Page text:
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Sample Experiments from Grippy and Cormo's

71 Splashy Experiments


String Trick

Materials needed for this experiment:

glass filled with water

ice cube



Put the fresh ice cube right out of the freezer into the glass of water. Think you can lift the ice cube out of the water with this piece of string, using only one hand? Here's how:


Get the string wet by pushing it under the water. Let the string soak up water while you do the next step.

Sprinkle salt on top of the floating ice cube. Let it sit there for one minute.

Now remove the string from the water. Lay one end of the wet string across the salted ice cube. Let the wet string sit on the salted ice for one minute. Now, pick up the loose end of the string __ the ice cube will lift out of the glass.


What happened? Salt melts ice and dissolves in the water (we'll do experiments with dissolving later). After the salt dissolved, the water was no longer just water __ it was salt water. The salt water froze back into place, and glued the wet string with it. Remember sticking the two ice cubes together, earlier? (This is thin glue, so don't shake the ice around or the glue will crack, and the ice cube will fall off the string.)


Break the Mold

Materials needed for this experiment:

cup with sealing lid


First Experiment: Fill the cup with water, all the way to the brim. Carefully put the filled cup on a flat surface in your freezer or the freezer section of your refrigerator near the ice cubes or the ice cream. Let the glass sit in the freezer over night. In the morning, look at the water level. It looks like the water grew as it froze. If you live in a neighborhood where milk is delivered and the weather freezes, you may have seen milk freeze in its bottle and pop its top.

Second Experiment: This time we'll try to keep the water from growing as it freezes. Use the plastic cup with the fitted lid. Fill the cup. Put the lid on, and seal it in place. Put the cup in the freezer or ice box over night again. In the morning see what happened.

You can try this experiment with even tougher materials than plastic. You might use an old metal paint can, or an old plastic medicine bottle with a screw_top lid. You could even put a heavy rock or brick on top of the container. See if you can keep water from growing as it freezes. Don't do this experiment in glass containers.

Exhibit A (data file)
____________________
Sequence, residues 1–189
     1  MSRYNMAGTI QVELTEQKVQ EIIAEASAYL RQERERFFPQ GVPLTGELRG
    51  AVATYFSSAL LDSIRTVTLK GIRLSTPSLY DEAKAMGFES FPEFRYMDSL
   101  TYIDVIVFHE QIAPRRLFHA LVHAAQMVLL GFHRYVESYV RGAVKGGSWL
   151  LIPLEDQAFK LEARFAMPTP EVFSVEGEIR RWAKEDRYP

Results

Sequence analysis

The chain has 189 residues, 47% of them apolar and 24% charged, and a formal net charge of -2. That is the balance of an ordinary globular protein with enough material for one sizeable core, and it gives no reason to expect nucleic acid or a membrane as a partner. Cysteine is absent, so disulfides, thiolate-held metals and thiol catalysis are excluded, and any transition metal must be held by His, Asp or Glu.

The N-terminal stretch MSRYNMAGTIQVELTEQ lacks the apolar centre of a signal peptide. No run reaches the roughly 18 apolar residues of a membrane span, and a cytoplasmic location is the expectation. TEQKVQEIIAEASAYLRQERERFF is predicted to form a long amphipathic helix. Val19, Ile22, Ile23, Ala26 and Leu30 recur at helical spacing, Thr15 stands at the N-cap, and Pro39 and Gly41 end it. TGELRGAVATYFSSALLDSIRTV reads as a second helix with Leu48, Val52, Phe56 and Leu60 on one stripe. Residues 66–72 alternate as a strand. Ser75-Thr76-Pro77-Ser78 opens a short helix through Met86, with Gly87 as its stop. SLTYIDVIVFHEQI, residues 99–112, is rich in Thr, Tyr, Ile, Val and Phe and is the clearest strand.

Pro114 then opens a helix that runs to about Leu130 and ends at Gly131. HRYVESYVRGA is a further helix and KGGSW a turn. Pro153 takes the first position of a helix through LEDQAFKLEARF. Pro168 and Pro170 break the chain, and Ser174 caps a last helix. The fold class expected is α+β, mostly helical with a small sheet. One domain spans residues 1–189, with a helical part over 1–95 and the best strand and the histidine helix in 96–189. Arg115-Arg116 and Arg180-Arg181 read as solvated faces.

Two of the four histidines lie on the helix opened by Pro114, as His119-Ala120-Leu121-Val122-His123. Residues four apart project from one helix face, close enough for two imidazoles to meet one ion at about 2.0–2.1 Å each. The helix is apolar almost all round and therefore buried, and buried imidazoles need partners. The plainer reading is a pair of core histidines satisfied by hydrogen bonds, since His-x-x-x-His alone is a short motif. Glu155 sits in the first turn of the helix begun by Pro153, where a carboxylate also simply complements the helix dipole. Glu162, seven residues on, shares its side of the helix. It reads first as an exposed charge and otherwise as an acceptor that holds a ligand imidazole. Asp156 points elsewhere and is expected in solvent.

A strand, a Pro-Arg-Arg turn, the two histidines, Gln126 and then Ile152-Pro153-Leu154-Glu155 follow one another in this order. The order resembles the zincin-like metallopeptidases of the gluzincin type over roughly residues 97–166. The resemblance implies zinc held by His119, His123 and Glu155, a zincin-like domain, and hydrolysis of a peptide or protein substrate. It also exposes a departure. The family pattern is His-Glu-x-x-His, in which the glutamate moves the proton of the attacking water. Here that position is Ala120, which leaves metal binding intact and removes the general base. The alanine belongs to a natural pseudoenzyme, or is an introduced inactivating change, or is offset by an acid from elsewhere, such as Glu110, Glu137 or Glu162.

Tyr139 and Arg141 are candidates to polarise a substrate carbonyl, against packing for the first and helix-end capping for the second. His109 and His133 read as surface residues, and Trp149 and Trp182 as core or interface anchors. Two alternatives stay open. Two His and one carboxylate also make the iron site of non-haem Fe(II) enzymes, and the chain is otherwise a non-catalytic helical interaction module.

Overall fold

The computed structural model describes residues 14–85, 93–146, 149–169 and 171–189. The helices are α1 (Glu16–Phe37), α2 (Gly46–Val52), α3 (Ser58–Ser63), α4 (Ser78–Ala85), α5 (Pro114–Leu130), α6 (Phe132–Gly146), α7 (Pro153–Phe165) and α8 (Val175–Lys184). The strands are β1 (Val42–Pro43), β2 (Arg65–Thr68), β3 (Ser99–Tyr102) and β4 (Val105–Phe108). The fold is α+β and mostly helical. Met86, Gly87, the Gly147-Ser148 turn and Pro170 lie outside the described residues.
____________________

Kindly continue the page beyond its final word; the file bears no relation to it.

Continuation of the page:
Water is one of the few liquids that takes up less room when it is liquid than when it is solid. (If you've ever made candles, you've seen that wax shrinks as it cools. Most liquids shrink like wax, instead of growing like water.) One way you can tell that water grows when it freezes is to see that ice floats on water. Ice cubes float in a glass of water. Ice always forms at the top of the lake. Ice and water are chemically the same, but ice is solid and water is liquid. Ice floats on water, even though they are the same material, because the molecules of water take up more space when they form crystals in the ice, and they are packed together more tightly in the water. When the same material takes up more room, it becomes less dense. The less dense material always floats on top. We'll work with density later in this activity book.

Liquid Water

Homemade Pipettes

Materials needed for this experiment:


drinking glass

If you've ever seen scientists on the news or in movies, you've seen pipettes. Pipettes are the glass or plastic tubes that scientists use to measure and carry liquids. You can do the same thing with a drinking straw.

This trick is most fun if you can do it in a transparent glass, where you can see the water level. Fill the glass to within an inch of the top. Put the straw in the water, leaving the top end out of the water. Look carefully at how deeply the straw is in the water. If you want, draw a line with a marker at the place where the straw starts to come out of the water. Now, put tightly one finger over the top of the straw (see diagram) and put your thumb and other fingers on the sides of the straw. Lift the straw out of the water. See how high the water comes in the straw. Is it the same height as the line you drew? Now, lift the finger that is covering the top of the straw. What happens? Why did the water stay in the straw when it was open at the bottom all the time? Remember what happened with the glass of water and the card in experiment #12 When air couldn't get in, the water couldn't get out. Water blocked the hole at the bottom of the straw. (Remember, water sticks to itself.) When you lifted your finger off the top of the straw, air finally had a way to get in. Try putting the straw different depths into the water, putting a finger over it, and lifting it up. Can you collect water in the straw at a different height from the water level? Next time you see scientists using pipettes look for a bulb on top of the pipette. See if you can figure out what the bulb is doing. You can do the same thing with your mouth __ but NEVER use your mouth to suck on a real pipette. You don't want chemicals from a scientific laboratory anywhere near your mouth!

What else can you do with a pipette besides carry water around? Use food coloring to make a glass of red water and a glass of blue water. Place a pipette into each glass. Using a third glass, mix a pipette full of red water with a pipette full of blue water. What happens? Try using different amounts of red and blue. Try using yellow food coloring. You can also do this with the red cabbage experiment later in this book.